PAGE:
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10 Most Dangerous Oil Companies to Work For

According to the Bureau of Labor Statistics, more than 1,000 workers were killed in oil-and-gas extraction operations from 2006 to 2017. Nearly half of those workers were killed after 2013, bringing the fatality rate of the whole industry to 6x the national average. The most common cause of death was contact with objects and equipment, which accounted for 1 in 4 worker deaths during that period.

Working in the oilfield or on an offshore rig is a risky endeavor. There’s no denying that the pay is good and the work itself can be rewarding, but for hundreds of workers over the last several years, it’s come at a steep price. For the sake of workers and their families, we’ve taken a look at the latest official data to compile a list of the 10 most dangerous oil companies to work for, based on fatalities and “recordable incidents.” A recordable incident is any work-related injury that ends in fatality, loss of consciousness, time away from work, or restricted work activity after the incident.

For these numbers, it’s worth keeping in mind that entire sectors of industry can go a year or more without a single death. The fact that any single company can have multiple is a testament to the danger of their workplaces.

Schlumberger

Headquartered in Houston, Schlumberger operates in 120 countries and is the world’s largest offshore drilling company. It was founded in 1926 in Paris, France where it still has an executive office. Schlumberger sites experience hundreds of recordable incidents every year, typically between 230–560.

From 2018 to 2020, 9 Schlumberger workers died on the job.

Halliburton

Founded in Oklahoma in 1919, Halliburton has grown into one of the most (in)famous energy companies in the world. They’re also the world’s leading hydraulic fracturing (“fracking”) company. Halliburton currently operates in 70 countries and has over 42,000 employees. The company has between 130–350 of “recordable incidents” every year.

From 2018 to 2020, 5 Halliburton workers died on the job.

Fluor

Fluor Corp. is a large multinational corporation based in Irving, TX. They were founded in Wisconsin in 1912 and have child companies that provide services in oil and gas, industrial and infrastructure services, and other industries. As of 2022, they employ over 40,500 people.

From 2018 to 2020, 5 Fluor workers died on the job.

Baker Hughes

Owned by General Electric, Baker Hughes is one of the world’s premier providers of oilfield services. Its products and services assist with oil drilling, production, and reservoirs. One of its subsidiaries includes GE Oil & Gas.

From 2018 to 2020, 1 Baker Hughes worker died on the job.

Petrofac

Based in Jersey in Great Britain, Petrofac Limited is an international energy services company with 8,500 employees worldwide. It was founded in 1981 in London.

From 2018 to 2020, 5 Petrofac workers died on the job.

Saipem

Saipem is a multinational oilfield company based in Italy and is one of the largest oilfield companies in the world. It was founded in 1957 and now employs 32,000 people worldwide. From 2018 to 2020, there were 113 injuries at Saipem sites that required time off from work.

From 2018 to 2020, 9 Saipem workers died on the job—the most of any other company on this list.

Transocean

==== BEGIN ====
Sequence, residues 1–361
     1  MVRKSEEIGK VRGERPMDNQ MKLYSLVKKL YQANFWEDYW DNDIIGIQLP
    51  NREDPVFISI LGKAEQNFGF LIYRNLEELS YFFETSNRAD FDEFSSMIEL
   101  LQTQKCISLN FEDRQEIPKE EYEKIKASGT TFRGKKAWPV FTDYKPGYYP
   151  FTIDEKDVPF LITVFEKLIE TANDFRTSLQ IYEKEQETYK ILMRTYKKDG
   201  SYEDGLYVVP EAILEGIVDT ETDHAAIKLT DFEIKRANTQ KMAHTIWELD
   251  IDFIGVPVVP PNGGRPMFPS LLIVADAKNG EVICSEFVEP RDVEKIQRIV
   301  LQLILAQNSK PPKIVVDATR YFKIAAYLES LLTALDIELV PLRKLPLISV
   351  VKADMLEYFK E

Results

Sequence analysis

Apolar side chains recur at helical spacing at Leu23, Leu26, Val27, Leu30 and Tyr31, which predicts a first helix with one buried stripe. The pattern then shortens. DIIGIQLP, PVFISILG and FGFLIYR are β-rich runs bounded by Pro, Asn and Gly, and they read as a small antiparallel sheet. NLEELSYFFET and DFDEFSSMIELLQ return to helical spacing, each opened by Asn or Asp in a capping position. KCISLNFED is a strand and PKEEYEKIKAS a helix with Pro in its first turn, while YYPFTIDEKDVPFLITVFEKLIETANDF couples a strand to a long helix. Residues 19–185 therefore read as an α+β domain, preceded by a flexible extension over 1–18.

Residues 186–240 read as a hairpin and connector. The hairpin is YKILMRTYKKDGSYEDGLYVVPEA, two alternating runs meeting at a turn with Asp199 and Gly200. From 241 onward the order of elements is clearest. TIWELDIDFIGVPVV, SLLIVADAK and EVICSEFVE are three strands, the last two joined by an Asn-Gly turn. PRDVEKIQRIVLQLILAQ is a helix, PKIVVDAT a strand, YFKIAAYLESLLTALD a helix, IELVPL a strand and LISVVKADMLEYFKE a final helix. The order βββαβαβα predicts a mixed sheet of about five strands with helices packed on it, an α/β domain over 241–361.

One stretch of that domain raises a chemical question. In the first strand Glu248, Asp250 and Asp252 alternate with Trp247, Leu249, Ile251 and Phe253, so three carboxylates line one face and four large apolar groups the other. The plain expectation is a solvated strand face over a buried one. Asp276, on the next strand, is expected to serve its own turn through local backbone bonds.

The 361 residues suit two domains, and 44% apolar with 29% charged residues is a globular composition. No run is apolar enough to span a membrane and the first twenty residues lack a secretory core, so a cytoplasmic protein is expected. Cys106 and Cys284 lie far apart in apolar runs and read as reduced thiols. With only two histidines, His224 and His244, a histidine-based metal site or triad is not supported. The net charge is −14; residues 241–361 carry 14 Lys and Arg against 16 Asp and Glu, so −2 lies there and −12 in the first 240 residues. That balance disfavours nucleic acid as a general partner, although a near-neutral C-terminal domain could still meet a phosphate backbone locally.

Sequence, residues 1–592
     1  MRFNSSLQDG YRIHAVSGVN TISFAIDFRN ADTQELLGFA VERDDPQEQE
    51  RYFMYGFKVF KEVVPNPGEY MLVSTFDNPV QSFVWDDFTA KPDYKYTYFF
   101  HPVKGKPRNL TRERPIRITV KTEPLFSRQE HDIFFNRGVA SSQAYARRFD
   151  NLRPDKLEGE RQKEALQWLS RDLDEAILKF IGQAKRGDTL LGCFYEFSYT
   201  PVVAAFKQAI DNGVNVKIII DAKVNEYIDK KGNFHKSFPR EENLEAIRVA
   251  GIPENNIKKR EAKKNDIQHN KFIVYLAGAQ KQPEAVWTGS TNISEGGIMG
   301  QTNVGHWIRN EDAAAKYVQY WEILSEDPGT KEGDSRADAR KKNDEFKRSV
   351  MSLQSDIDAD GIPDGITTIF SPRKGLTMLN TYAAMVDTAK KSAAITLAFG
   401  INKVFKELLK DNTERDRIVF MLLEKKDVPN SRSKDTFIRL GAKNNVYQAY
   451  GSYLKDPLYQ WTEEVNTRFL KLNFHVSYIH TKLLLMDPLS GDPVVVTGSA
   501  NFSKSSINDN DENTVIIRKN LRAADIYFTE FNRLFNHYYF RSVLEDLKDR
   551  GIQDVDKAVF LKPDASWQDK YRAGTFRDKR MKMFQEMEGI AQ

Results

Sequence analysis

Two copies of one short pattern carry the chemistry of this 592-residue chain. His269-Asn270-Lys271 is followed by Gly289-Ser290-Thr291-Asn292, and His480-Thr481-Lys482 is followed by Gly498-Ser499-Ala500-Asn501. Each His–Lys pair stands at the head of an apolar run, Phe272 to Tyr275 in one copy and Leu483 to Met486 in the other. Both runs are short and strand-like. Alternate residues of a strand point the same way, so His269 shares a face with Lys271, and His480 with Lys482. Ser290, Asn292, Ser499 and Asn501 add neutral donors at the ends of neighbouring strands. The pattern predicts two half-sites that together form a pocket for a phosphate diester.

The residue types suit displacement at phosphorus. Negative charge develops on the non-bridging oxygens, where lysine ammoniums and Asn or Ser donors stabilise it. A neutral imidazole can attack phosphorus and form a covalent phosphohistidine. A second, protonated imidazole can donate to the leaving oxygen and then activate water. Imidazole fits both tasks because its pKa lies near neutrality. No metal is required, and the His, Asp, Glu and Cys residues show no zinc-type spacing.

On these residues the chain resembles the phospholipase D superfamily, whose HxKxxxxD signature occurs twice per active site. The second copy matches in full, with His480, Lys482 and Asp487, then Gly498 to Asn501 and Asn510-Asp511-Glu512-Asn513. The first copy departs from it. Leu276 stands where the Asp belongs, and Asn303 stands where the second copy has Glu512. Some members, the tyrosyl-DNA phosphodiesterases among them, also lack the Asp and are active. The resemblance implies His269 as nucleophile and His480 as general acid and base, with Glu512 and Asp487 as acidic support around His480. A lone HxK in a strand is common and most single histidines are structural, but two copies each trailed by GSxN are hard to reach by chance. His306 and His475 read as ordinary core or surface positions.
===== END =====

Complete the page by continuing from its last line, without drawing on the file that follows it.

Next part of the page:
Based in Switzerland, Transocean is an American offshore drilling contractor—the largest in the world, based on revenue. It was founded in 1952 and today employs 6,600 people. Transocean has, thankfully, experienced no fatalities over the last few years. However, the company is perhaps best known as the owner of the Deepwater Horizon when it exploded in 2010. The rig, leased to BP, experienced catastrophic failure and led to the injury of over 100 workers and the deaths of 11 people.

The cause of the failure was ultimately traced back to a failed blowout preventer.

Valaris

An offshore drilling contractor based in Houston, Valaris is the largest offshore drilling and well drilling company in the world. It owns 56 rigs, 11 drillships, and 5 semi-submersible drilling rigs. It was founded in 1975 in Dallas and today employs 4,900 people. Though it is headquartered here in Texas, the company is incorporated in London.

The company filed for bankruptcy in 2020 to address its massive debt. While the company has thankfully avoided any fatalities as of late, its “Recordable Incident Rate” is rather high for a company of its size. Additionally, the issue of bankruptcy might indicate the company is in a weak financial state, which could lead to pressure to cut corners on safety to drive up production.

Why Arnold & Itkin Advocates for Oil & Gas Workers

At Arnold & Itkin, our job is to hold companies like these accountable, no matter how big. The pressures of running a multinational oil-and-gas company might tempt executives to push production too hard, to skip vital safety procedures, and put workers at risk. We saw it happen to Transocean, to Exxon, to TOTE Maritime, and to many, many others.

Our job is to advocate on behalf of workers who’ve been harmed by neglect or carelessness so they can rebuild their lives. By pouring all of our effort into preparing cases for trial, we’re able to pressure oil companies into doing the right thing for their injured employees. It’s an approach that’s won our clients more than $10 billion in some of the biggest victories the injury law community has ever seen.

If you were injured, call (888) 493-1629 to discuss your legal options in a free consultation as soon as possible. Let’s find out how we can help.

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